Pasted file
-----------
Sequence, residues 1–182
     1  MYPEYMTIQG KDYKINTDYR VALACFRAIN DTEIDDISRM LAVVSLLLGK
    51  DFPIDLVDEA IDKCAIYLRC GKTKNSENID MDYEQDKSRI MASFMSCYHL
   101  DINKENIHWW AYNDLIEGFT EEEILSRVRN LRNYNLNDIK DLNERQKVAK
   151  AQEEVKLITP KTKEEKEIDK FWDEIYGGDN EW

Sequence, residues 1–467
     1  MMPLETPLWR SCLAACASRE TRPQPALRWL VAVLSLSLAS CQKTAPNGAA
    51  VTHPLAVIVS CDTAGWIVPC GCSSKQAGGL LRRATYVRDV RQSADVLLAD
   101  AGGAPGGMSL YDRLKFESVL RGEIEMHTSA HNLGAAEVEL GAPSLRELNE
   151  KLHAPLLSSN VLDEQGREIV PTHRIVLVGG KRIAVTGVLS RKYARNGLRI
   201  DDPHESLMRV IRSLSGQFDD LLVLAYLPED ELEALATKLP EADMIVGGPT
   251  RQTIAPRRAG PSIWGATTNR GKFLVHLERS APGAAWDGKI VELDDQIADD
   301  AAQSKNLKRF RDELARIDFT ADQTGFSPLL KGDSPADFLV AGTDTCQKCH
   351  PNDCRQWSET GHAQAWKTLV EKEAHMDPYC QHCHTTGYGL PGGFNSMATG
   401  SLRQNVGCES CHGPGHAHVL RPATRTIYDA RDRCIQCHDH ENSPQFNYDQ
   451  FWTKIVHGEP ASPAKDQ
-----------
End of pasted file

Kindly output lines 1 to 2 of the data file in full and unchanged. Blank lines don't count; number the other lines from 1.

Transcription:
Sequence, residues 1–182
     1  MYPEYMTIQG KDYKINTDYR VALACFRAIN DTEIDDISRM LAVVSLLLGK